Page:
Bishop Huonder also discusses the different popes that have reigned in the Church since his own birth in the year 1942.

When discussing the role of Pope Francis, he stresses that this pontificate is a “pontificate of rupture. It is a break with tradition.” Not only does this pope often criticize Tradition and those adhering to it, he “undertakes acts that are clearly contrary to Tradition.” Here, he mentions explicitly “syncretistic ritual acts, such as in Canada,” which LifeSiteNews also reported.

Pointing to Pope Francis’ documents Traditionis Custodes (2021) and Desiderio Desideravi (2022), Huonder says “the pope wants to eradicate the traditional Roman liturgy.”

Moreover, Bishop Huonder sees this current pope as an “outspoken supporter of the so-called World Religion.” For many faithful, the prelate adds, this is “a stumbling block.”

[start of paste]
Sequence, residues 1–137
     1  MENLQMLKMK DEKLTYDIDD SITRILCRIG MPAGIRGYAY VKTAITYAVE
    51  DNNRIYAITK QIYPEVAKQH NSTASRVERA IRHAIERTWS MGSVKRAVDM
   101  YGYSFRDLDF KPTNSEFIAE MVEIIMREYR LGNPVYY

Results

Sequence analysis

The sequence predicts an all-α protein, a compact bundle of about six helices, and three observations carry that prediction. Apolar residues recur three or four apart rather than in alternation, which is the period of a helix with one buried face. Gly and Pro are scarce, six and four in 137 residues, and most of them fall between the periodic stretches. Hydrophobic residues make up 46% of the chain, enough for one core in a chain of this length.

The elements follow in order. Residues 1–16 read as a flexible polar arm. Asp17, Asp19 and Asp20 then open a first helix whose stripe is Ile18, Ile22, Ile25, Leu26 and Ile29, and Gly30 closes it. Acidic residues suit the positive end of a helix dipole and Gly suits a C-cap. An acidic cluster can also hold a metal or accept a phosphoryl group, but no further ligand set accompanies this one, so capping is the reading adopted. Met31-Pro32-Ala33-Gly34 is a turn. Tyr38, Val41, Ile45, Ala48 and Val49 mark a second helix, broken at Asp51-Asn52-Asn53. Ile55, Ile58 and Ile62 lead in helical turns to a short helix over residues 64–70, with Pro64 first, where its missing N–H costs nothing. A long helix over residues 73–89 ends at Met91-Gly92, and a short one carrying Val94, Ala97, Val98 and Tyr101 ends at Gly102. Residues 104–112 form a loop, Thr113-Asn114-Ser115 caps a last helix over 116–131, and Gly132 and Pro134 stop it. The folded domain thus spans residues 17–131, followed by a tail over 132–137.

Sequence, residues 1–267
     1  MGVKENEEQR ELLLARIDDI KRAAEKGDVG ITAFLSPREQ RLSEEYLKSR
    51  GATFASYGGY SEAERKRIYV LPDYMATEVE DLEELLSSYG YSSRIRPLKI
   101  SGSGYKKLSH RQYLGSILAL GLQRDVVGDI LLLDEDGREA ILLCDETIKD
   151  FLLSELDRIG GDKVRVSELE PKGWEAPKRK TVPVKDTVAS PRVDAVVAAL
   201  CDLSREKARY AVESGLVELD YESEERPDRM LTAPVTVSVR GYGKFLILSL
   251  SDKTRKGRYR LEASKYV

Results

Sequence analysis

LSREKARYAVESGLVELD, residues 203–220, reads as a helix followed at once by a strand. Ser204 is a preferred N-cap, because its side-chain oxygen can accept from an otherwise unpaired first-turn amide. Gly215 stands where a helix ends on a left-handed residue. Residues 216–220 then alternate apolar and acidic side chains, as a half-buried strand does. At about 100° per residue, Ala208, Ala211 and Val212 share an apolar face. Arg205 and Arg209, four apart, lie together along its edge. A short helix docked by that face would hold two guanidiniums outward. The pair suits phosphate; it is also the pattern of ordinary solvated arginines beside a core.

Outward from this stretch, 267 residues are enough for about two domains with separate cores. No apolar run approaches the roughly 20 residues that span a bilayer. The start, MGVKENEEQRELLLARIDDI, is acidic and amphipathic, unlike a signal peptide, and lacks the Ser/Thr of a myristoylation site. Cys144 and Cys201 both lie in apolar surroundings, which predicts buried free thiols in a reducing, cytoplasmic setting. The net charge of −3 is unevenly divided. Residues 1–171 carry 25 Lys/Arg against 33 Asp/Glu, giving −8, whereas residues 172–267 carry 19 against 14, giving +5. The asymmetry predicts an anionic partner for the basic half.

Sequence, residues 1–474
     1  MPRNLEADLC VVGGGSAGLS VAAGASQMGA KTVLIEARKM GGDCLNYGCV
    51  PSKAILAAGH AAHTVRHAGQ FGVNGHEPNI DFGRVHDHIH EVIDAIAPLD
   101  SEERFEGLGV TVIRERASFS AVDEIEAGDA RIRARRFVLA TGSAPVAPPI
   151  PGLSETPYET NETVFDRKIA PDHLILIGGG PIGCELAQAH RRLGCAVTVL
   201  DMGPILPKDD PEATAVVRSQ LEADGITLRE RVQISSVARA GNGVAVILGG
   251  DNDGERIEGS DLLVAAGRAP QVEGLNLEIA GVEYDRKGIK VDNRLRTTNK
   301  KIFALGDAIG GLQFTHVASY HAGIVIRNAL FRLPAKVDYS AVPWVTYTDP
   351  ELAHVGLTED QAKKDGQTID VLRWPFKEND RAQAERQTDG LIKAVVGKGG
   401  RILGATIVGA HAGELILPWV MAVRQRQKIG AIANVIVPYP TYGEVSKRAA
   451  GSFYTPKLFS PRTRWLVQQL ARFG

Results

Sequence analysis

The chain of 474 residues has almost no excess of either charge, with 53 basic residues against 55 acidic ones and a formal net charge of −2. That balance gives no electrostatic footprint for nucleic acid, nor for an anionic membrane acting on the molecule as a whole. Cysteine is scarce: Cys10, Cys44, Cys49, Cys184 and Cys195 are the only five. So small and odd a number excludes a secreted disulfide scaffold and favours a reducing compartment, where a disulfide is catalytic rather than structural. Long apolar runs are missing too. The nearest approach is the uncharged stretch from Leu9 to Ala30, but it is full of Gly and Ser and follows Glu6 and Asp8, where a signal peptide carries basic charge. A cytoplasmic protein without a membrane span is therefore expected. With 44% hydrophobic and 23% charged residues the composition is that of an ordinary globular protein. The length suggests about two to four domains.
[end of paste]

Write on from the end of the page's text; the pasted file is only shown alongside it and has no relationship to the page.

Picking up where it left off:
Under the earlier Pope Paul VI, Bishop Huonder explains that there came a “turning point within the Church.” This pope, he continues, was “very fond of liberal, progressive circles. He promoted them.” Paul VI, by introducing the Novus Ordo Mass in 1969, caused “the beginning of the Church’s great suffering,” according to Huonder. “Nothing has been more disruptive to the unity of the Church than the new liturgical order,” he adds.

With regard to the pontificate of Pope John Paul II, the Swiss prelate highlights the 1986 Prayer Meeting in Assisi with representatives of different religions, which was for many faithful “a tremendous shock.” The consequence, according to Huonder, was “a general loss of trust in the leadership and the orthodoxy of the Church.”

Pope Benedict XVI, in Huonder’s view, was the pope who tried to “heal this wound” that had been caused by the rift in the liturgy. Benedict had freed, on July 7, 2007, the traditional Latin Mass, giving a generous permission to priests to celebrate it. He wanted “to give back to the Church the traditional Roman liturgy,” Huonder explains.